You might feel like you’ve just become comfy with bottle or breast feeding. And seemingly overnight your little one is ready for solid food and the next stage of eating - weaning!
While the information age is a wonderful time to access any guidance you need, it can also be a little overwhelming reading so many different ways to raise a baby. Everyone from your best friend, NCT pal, sister and mum will have a weaning story and advice on when to start!
We’ve rounded up the most common questions every mum has to successfully wean a baby.
When can you start weaning your baby?
The NHS and World Health Organisation guidelines say that parents should start weaning their child at the 6 month mark. This is to give their digestive system a chance to develop fully and cope with solid food.
At this age, your baby should be introduced to a varied diet, alongside their usual breast milk or first infant formula.
If you are unsure or feel your baby is ready before this time then speak to your health visitor for advice. Babies born preterm may not quite be ready to wean at 6 months and so it’s best to speak with your health visitor before introducing solid foods.
What are the signs a baby is ready for weaning?
Spot the signs your baby gives you when they are developmentally ready to try solid foods! Babies ready for weaning can usually co-ordinate their eyes, hands and mouth, can look at food, pick it up, and put it in their mouths all by themselves!
Additionally, your little one should have good head control and be able to sit upright.
If your child is chewing his or her fist, wanting extra milk feeds or is suddenly waking up at night more than usual, then it might not be the right time to start.
What are good weaning foods?
The NHS suggests foods such as single vegetables and fruits. Blended, mashed or soft cooked sticks of parsnip, broccoli, potato, yam, sweet potato, carrot, apple or pear are all good weaning foods. Make sure any cooked food has cooled right down before offering it to your baby.
It's important to introduce foods that can cause an allergic reaction one at a time, in small amounts, so that you can spot any reactions. These foods (cow’s milk, eggs, peanuts, wheat, gluten, dairy and fish) can be introduced from around 6 months as part of your baby's diet, just like any other foods.
The NHS also suggests that during meal times, you can offer your baby sips of water from an open or free-flow cup. Using an open cup, or a free-flow cup without a valve, will help your baby learn to sip and is better for your baby’s teeth.
How much food should my baby eat?
At the beginning, how much babies eat is less important than getting them used to the idea of eating. Weaning is sometimes referred to as ‘complementary feeding’ - which illustrates that solid food sits side by side with breastfeeding as the primary 'food' in the beginning.
Babies will still be getting most of their energy and nutrients from breast milk or formula. Focus on nutrient-dense foods to support your baby's healthy growth and eating tastes, and leave out all salt and sugar.
Don’t worry about how much your little one eats! The most important thing is getting a baby used to new tastes, textures, moving solid food around the mouth and then swallowing.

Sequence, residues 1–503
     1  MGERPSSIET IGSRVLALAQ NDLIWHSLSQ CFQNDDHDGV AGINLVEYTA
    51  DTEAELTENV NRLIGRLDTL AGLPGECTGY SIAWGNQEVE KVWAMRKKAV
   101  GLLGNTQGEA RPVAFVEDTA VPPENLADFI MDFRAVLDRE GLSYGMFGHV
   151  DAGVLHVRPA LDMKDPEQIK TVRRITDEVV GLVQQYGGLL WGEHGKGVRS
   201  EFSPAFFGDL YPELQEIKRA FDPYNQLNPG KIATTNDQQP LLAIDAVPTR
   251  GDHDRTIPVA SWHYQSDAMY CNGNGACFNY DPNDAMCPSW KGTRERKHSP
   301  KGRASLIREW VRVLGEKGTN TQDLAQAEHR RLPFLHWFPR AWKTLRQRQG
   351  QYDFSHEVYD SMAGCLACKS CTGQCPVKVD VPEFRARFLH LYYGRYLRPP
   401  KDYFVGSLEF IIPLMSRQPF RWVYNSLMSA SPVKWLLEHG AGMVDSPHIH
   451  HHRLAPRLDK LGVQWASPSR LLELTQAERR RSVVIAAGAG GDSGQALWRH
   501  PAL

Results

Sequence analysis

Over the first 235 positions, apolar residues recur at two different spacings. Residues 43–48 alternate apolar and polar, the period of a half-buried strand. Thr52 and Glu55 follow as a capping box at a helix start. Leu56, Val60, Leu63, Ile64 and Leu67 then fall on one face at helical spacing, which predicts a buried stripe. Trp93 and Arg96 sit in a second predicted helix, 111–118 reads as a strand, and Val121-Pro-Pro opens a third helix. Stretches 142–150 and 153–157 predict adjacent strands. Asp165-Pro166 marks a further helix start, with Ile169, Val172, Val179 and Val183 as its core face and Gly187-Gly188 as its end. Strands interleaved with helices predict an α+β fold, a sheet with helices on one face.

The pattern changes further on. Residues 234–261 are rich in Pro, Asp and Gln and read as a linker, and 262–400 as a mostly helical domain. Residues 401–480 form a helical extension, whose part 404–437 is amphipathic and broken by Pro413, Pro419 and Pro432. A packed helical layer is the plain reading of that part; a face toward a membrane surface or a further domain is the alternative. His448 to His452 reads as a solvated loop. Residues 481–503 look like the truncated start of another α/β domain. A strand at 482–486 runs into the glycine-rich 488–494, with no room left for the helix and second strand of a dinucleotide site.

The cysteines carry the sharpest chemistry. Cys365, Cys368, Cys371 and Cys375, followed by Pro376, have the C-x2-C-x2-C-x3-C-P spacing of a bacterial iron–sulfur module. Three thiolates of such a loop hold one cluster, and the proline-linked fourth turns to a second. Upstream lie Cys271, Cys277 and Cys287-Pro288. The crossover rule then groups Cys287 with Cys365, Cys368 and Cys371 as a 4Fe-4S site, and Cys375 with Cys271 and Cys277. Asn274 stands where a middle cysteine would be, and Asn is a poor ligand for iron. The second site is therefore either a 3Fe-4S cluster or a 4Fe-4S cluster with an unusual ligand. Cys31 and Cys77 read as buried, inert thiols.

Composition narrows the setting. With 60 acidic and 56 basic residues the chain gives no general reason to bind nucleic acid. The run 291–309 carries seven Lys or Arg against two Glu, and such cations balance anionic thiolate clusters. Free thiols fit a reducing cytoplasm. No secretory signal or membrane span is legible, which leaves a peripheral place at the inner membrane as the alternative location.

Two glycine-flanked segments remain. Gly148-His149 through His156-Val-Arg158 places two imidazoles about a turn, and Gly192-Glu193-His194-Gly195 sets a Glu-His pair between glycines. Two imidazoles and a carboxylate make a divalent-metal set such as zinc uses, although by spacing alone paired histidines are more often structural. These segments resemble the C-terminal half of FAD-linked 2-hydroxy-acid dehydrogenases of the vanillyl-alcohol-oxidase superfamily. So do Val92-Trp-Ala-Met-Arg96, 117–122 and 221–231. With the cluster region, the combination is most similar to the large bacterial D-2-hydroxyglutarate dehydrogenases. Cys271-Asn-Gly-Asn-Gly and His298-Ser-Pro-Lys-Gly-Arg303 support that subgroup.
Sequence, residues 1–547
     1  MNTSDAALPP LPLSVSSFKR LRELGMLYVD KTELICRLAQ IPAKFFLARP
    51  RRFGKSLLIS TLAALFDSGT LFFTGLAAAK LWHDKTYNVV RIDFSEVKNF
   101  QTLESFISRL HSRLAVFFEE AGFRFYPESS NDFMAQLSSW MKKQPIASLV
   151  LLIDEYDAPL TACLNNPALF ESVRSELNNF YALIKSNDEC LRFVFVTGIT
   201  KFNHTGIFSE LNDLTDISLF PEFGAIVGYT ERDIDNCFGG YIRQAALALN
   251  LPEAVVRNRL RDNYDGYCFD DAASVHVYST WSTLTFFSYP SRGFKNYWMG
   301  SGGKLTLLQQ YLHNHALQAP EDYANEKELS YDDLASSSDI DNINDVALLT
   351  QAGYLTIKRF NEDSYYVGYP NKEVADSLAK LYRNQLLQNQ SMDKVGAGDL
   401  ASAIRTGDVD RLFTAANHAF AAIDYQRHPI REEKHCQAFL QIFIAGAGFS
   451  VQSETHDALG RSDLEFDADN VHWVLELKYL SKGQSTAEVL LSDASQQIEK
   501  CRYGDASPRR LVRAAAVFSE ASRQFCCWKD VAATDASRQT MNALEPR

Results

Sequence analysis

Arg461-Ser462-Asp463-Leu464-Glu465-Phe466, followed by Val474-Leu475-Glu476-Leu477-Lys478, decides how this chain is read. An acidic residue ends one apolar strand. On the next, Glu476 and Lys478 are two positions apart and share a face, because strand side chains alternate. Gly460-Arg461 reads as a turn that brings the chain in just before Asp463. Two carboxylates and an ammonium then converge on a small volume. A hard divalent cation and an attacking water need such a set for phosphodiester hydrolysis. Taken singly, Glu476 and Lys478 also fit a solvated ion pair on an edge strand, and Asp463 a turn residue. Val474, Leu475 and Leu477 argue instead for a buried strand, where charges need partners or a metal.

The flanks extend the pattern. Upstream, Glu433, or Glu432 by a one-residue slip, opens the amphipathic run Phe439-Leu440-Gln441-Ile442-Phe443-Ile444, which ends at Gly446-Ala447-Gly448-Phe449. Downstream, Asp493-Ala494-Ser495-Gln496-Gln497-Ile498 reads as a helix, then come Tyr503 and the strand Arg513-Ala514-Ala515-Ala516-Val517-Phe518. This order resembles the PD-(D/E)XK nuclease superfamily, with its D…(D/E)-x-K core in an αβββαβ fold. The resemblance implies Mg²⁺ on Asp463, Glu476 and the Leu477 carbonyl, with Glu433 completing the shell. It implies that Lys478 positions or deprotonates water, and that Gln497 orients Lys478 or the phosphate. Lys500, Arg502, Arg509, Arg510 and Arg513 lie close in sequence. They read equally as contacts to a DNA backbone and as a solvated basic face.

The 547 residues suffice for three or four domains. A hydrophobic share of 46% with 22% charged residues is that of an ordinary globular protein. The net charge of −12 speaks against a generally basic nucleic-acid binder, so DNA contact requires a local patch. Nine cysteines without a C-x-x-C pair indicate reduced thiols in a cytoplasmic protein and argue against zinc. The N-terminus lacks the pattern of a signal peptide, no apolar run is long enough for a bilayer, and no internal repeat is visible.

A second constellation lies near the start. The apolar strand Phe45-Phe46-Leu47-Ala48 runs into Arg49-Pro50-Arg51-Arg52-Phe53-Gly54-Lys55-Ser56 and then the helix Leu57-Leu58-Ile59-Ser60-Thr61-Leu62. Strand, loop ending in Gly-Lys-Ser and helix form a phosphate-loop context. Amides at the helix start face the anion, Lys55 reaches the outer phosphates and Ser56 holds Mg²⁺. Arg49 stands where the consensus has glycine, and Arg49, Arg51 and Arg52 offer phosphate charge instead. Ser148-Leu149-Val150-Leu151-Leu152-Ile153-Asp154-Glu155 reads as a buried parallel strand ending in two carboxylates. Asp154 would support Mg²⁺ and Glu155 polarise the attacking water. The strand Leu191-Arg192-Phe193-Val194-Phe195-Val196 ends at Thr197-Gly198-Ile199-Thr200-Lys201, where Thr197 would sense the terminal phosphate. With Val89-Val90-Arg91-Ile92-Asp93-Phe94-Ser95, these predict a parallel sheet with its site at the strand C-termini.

How long does it take to wean a baby?
Go at your little one's pace! Your baby will show you enough is enough by closing his or her mouth and looking away. Give your baby lots of encouragement and praise and allow plenty of time - especially at first!
It takes a little time for your child to adjust to new food textures and coughing, gagging or spitting is common (even if a bit upsetting). As your baby’s oral skills develop, thicker and lumpier foods can be introduced.
Is baby-led weaning best?
Some parents prefer baby-led weaning to mother-led weaning (spoon feeding). Others prefer to do a combination of both. There's no right or wrong way - the most important thing is that your baby eats a wide variety of food and gets all the nutrients they need!
Your little one might enjoy being in the driving seat, however. Which means he or she can start exploring a variety of types of textures of food, and choose what to pick or leave. Offering your baby options is a good way to give them this opportunity.
The National Childbirth Trust (NCT) suggests trying to avoid putting food into your child's mouth or persuading your child to eat more than he/she wants.
Let your child put food in their mouth themselves, so they can control it as it moves backwards.
Weaning resources for parents
Check out this super helpful resource from the NHS Start4life website. On this you'll find guidance and information on:
Foods to avoid
Drinks to avoid
Preparing food safely
Storing and reheating food
The more you know, the better prepared you’ll be to make your own decisions on your weaning approach. Our advice? Take what works and leave the rest!
Our friends at NCT provide friendly, trustworthy and up to date guidance for parents. Here you’ll find lots of helpful information on when to introduce your baby to solid foods and tips to make it easier, and what baby-led weaning is.
Keen for more support?
The new EasyPeasy App is here! It’s bursting with ideas, tips and play activities to support your child’s growth in inspiring and creative ways.
We've collaborated with the best early years experts to design a parenting app which not only helps your child's development, but equips you with new ideas to bring into daily routines.
Boost your baby's development, bond with your little one better and bring the magic to everyday parenting!
The ordinary moments are really the extraordinary moments. 💚